Trying to measure very small ripple voltages, but can't.

The value of C40 is way too low and is allowing the output of C40 to have a high impedance at hum frequencies allowing wiring to pickup 60Hz mains hum. If the hum is at 120Hz then the filtering of the bridge rectifiers will affect it.
 

ci139

Joined Jul 11, 2016
1,200
If the hum is at 120Hz then the filtering of the bridge rectifiers will affect it.
affect it through . . . which wires ? op amp input? output? power rails??
_________________
there is an "interesting routing of the GND line p3 p4 near the p5 - ? the GND to the op amp takes a long route to the opposite direction - making it kind of an antenna -- if i interpret your schematic correct AND . . . if it anyhow resembles to the actual trace routing of the PCB ? or you just draw it that way for your own convenience . . .
. . . the "signal returns" should ?? group together near the GND-s of the 3-pin regulators
. . . options for Your "Line Out" routing depend a bit what's on the other side
 
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Maybe the main filter capacitor following the rectifier bridge is low value or defective and is allowing a 120Hz level that is so high that the 12V regulator drops out of regulating at 120Hz.
Maybe the high level of 120Hz is feeding into nearby low level audio wiring.

It is important to know if the hum is 60Hz or 120Hz. Which is it?
 

Thread Starter

Dynaman

Joined Jan 17, 2008
91
Capacitor ESR is also an issue in filter circuits.
Try using a very low ESR capacitor(s). If that doesnt help, then the problem is with something else.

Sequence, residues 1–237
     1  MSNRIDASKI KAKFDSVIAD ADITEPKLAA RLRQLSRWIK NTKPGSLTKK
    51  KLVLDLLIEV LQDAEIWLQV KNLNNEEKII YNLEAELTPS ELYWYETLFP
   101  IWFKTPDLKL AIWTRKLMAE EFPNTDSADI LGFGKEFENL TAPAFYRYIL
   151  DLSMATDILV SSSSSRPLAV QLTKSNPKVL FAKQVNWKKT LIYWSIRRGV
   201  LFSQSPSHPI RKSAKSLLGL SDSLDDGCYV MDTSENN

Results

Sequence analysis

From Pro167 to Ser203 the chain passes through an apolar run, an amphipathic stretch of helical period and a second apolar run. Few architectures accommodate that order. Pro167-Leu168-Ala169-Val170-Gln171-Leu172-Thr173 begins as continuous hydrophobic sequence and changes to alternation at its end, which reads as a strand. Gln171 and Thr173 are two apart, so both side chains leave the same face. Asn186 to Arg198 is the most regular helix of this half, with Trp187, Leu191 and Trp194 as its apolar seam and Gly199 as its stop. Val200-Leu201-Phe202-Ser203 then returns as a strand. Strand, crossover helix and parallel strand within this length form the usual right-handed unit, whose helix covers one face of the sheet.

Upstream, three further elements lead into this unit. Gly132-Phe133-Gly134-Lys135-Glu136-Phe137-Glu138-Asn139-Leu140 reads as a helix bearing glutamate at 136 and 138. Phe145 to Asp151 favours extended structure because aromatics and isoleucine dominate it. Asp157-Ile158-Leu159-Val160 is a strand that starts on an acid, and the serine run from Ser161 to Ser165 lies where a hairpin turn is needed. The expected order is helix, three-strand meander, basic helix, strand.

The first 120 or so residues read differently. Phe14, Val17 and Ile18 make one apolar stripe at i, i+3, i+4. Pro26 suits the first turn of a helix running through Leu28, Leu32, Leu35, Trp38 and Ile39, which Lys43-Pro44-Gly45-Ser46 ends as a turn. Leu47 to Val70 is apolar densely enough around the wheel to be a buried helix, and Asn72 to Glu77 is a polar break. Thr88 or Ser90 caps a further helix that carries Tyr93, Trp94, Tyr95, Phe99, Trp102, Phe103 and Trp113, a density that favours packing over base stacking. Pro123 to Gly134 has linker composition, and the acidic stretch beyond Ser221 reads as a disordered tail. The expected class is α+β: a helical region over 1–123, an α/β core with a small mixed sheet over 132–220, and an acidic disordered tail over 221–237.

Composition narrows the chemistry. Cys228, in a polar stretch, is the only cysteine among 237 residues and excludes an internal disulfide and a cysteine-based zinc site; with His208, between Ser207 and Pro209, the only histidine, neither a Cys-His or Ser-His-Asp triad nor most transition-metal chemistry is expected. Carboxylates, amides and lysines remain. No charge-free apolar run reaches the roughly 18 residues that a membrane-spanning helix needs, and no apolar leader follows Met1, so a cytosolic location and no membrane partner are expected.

Did you mention how you are noticing the problem if you cant measure the ripple?
What made you think the ripple was a problem in the first place?
Subbed on board PS for external bench supply.
 

Thread Starter

Dynaman

Joined Jan 17, 2008
91
Maybe the main filter capacitor following the rectifier bridge is low value or defective and is allowing a 120Hz level that is so high that the 12V regulator drops out of regulating at 120Hz.
Maybe the high level of 120Hz is feeding into nearby low level audio wiring.

It is important to know if the hum is 60Hz or 120Hz. Which is it?
Both but 120 is stronger looking at the analyzer.
 
Ripple at the output of the power supply is 120Hz because it is full-wave rectified.
60Hz is electricity in your home "sprayed" into sensitive high impedance audio inputs by the wiring all over the house, or by a ground loop.
 

MrAl

Joined Jun 17, 2014
7,195
Subbed on board PS for external bench supply.
Well no, i meant how did you know there was ripple not how you corrected it.
How did you measure the original ripple or know it was there before you subbed in the bench supply. What made you want to sub the bench supply.
 

ci139

Joined Jul 11, 2016
1,200
manage the prev. posts first

a random side-note / remark :: 60/120Hz line noise - - - is - - - a - - - bug . . . . . . . . . it of course depends on what is the output capability your transformer + how much you use from it . . . to "get rid" of it - you need to introduce capacities about 10-s of mF (10'000 xN µF) there are a lot of possible filters to manage with lesser . . . . . . but if the power demand of your output increases everything "filter" becomes insufficient -- leading to requirement to introduce buck/boost , fly-back (followed by LDO)